4 Comments

  1. Gale

    The altar table is so beautiful. My only question is the bronze plaque and reconciling the lamb on the plaque with the decrees of the Council of Trullo: Canon 82:

    “In some pictures of the venerable icons, a lamb is painted to which the Precursor points his finger, which is received as a type of grace, indicating beforehand through the Law, our true Lamb, Christ our God. Embracing therefore the ancient types and shadows as symbols of the truth, and patterns given to the Church, we prefer “grace and truth,” receiving it as the fulfilment of the Law. In order therefore that “that which is perfect” may be delineated to the eyes of all, at least in coloured expression, we decree that the figure in human form of the Lamb who takes away the sin of the world, Christ our God, be henceforth exhibited in images, instead of the ancient lamb, so that all may understand by means of it the depths of the humiliation of the Word of God, and that we may recall to our memory his conversation in the flesh, his passion and salutary death, and his redemption which was wrought for the whole world.”

    Thank you if you could explain. Perhaps I misunderstand that canon.

    1. Aidan hart

      Thank you, Gale.

      I was aware of the canon and the theological reasoning behind it, and mentioned this to the Roman Catholic chaplain who commissioned the work and who requested the image of the lamb. In this case I decided to accept his request for two reasons:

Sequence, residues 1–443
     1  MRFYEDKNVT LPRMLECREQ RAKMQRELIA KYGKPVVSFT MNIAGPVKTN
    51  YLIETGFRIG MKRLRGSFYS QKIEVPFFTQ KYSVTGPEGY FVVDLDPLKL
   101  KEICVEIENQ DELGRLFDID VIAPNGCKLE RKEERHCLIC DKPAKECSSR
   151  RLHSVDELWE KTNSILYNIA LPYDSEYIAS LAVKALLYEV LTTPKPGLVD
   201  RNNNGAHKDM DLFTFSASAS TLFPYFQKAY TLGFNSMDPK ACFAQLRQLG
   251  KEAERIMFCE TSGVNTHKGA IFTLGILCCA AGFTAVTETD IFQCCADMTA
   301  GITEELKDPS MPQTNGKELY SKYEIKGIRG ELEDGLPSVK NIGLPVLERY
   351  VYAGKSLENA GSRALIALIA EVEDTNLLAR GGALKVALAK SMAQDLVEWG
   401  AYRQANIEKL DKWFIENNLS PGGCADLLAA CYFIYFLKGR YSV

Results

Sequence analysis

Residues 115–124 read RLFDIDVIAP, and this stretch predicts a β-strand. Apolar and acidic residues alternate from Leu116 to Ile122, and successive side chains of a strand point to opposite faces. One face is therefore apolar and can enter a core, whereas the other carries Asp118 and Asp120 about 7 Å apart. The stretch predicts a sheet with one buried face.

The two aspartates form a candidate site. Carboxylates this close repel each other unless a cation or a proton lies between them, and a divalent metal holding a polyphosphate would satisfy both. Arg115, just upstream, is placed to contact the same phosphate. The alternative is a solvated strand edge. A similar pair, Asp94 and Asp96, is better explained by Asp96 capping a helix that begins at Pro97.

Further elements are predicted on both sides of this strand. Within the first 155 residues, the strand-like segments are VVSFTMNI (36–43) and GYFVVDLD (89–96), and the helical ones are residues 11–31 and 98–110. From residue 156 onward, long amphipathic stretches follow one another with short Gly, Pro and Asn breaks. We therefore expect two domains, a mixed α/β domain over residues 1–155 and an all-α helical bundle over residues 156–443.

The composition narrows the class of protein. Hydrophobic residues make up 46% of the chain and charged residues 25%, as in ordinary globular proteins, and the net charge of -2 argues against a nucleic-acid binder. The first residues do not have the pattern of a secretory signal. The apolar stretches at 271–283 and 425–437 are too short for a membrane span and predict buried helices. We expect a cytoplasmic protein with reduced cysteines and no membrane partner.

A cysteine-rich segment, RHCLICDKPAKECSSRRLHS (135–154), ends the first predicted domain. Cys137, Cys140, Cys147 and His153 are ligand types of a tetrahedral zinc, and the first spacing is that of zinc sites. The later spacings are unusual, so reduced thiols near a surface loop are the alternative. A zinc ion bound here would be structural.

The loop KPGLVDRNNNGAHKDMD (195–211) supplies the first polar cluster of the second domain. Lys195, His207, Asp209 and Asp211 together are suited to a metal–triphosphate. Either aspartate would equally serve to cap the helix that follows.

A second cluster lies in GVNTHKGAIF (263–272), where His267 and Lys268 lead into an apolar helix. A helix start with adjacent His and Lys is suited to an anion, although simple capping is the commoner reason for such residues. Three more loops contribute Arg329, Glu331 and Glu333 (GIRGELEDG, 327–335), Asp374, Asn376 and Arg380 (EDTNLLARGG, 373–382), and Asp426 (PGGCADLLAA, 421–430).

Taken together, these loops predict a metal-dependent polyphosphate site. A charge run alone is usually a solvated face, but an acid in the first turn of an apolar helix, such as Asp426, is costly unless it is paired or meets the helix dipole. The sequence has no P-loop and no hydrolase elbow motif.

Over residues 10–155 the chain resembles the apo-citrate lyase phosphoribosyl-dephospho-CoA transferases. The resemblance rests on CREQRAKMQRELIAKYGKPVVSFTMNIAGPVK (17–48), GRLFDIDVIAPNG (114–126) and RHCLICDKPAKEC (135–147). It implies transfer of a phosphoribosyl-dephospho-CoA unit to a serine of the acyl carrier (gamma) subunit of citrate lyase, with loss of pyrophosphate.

1. Although I myself am Orthodox, the Roman Catholic Church, who commissioned the work, does not recognize as binding the 102 disciplinary canons of the Council of Trullo. As the decree in question concerns the application of a doctrine – a tradition – rather than being itself a doctrine – Tradition – I did not insist on not using the lamb. The practical canons as distinct from the doctrinal canons of the Council of Trullo are somewhat problematical in that the council seemed intent on condemning any Roman liturgical or disciplinary practice which differed from Constantinople. There were in any event no western bishops present, except one Bishop Basil of Gortyna in Ilyria who falsely claimed to be a papal legate, so the council cannot be considered fully ecumenical at least in regard to its disciplinary decrees. The Orthodox Church has appended the Council of Trullo canons to the Fifth and Sixth Ecumenical Councils, which had met 139 and 11 years earlier respectively (hence its other name, Quinisext Council).

      2. The brass image of the lamb in the Cambridge altar is very clearly related to the person of Christ which is depicted on the massive crucifix sited just a few feet behind the altar, the “figure in human form of the Lamb”. This amply satisfies the intent of the canon, which says that images should “recall to our memory his conversation in the flesh, his passion and salutary death”.

      I hope this helps.

      Aidan

  2. […] article continuation of my last post: Holy Tables with Reliquaries: A Short History […]

  3. Dear Aidan,

    As a Western Rite Orthodox Christian, I would point out that all too often I hear “Western” equated with “Roman Catholic” and therefore not Orthodox. The Western Church for a thousand years, until the Great Schism, was fully Orthodox and used the Agnus Dei as an Orthodox symbol, not as an icon but as a symbol, just as many modern Gospel books show the four Evangelists depicted with or by their symbols of the angel, the lion, the bull, and the eagle.

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